Artist Tacita Dean has created the latest commission for the UK Government Art Collection (GAC), producing a series of screenprints depicting a Californian cloudscape. The new works are based on a huge piece drawn in chalk which hangs in the Foreign and Commonwealth Office (Foreign Policy, 2016).
Dean’s new screenprints (Foreign Policy, 2019) are part of the Robson Orr Ten Ten Award initiative, a ten-year scheme whereby a UK artist is commissioned to create a limited edition print to be shown in diplomatic buildings worldwide. The project—funded by the film and stage producer Sybil Robson Orr and her husband, Matthew—launched last year with the inaugural award given to the artist Hurvin Anderson (one of his prints hangs in No. 10 Downing Street).
Dean’s cloudscape piece is available as a screenprint, available in an edition of 32 (with six artist’s proofs). Fifteen editions will be acquired by the GAC and distributed to embassies, consulates-generals and other government residences globally. Eleven works will be available to purchase through the arts organisation Outset, priced at £8,500 each.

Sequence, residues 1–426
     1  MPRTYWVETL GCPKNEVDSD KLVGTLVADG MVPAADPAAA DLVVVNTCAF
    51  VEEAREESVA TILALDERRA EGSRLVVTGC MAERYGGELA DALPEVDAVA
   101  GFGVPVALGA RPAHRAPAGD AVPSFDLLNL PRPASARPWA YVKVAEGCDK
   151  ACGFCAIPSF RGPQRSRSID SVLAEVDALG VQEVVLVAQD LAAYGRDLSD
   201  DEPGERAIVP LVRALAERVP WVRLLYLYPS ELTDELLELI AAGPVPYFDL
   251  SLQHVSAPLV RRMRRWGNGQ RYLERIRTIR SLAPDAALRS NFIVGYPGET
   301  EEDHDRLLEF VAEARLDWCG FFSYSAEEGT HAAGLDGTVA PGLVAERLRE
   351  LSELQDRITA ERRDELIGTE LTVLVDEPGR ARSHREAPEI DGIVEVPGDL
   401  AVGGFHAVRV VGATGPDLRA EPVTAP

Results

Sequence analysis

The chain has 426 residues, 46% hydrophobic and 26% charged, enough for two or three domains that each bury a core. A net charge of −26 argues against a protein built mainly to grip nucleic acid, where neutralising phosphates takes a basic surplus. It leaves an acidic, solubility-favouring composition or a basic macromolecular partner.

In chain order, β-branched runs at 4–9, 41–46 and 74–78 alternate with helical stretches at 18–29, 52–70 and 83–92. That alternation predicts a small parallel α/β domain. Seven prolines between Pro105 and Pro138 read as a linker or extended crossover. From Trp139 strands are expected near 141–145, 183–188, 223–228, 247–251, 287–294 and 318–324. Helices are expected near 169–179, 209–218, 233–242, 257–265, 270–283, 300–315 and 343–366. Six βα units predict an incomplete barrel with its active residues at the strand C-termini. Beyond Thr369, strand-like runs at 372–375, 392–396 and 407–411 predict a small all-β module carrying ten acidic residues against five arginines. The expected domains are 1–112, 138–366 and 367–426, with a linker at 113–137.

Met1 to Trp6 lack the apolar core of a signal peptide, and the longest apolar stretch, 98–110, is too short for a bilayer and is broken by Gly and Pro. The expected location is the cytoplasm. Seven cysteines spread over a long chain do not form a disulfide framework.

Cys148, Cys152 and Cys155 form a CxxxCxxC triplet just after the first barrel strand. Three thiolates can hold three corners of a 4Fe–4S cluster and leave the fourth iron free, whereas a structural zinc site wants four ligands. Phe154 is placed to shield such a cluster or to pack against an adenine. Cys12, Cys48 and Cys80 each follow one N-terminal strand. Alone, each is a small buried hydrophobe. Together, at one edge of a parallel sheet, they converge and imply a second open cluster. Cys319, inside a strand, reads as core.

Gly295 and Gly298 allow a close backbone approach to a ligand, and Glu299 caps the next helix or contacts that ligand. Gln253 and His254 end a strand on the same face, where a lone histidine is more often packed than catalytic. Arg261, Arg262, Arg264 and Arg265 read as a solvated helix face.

“They sell the works on our behalf; the money raised increases acquisitions [funding] and support British art,” says Penny Johnson, director of the GAC. The remainder will be available through Dean’s dealers including Frith Street Gallery in London. The Government Art Collection (GAC), established in 1898, is a national collection of historic and contemporary art displayed in government buildings in the UK and abroad.
The original Foreign Policy (2016) chalk work was installed in the office of Sir Simon McDonald after he became permanent under-secretary at the Foreign Office in 2015. “We had to rearrange the furniture to protect the piece,” he said. “Tacita brought her chalks with her today.” A copy of 1984 by George Orwell sits on McDonald’s desk.
A project statement says that Dean’s original 2016 work was drawn specifically with the Foreign Office in mind, and “simultaneously evokes the challenge of capturing the mutability of clouds and an epoch of unprecedented global change and uncertainty”.
In a briefing held today at the Foreign Office, Dean alluded to Brexit and the UK’s impending departure from the European Union, saying that she had made the original work "far too gentle. It should be way, way angrier. As a UK European abroad, and as an artist in Berlin, Britons [living] on the outside were more scared than those on the inside. Now, we’re living through the repercussions of that new world unfortunately.”
Dean is currently creating the sets and costumes for The Dante Project, the second part of which will be shown at the Royal Opera House in London next May. The piece, a collaboration with the choreographer Wayne MacGregor, interprets the Purgatory and Paradise sections of Dante’s classic depiction of the afterlife. The Inferno part premiered at the Music Centre in Los Angeles earlier this year.
UPDATE (28 September): This report was modified to reflect that Foreign Policy (2016) was previously installed in the Foreign and Commonwealth Office.